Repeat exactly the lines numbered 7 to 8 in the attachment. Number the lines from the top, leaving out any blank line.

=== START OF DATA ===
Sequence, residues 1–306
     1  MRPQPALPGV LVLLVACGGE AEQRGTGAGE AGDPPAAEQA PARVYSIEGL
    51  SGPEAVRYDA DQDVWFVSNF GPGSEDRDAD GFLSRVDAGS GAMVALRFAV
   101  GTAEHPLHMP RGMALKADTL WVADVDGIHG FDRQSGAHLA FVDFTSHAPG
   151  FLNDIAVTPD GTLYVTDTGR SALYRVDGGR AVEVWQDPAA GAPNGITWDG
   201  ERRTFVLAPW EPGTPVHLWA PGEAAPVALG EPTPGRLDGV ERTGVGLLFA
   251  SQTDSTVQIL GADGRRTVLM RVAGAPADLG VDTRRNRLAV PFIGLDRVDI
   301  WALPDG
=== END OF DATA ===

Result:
   251  SQTDSTVQIL GADGRRTVLM RVAGAPADLG VDTRRNRLAV PFIGLDRVDI
   301  WALPDG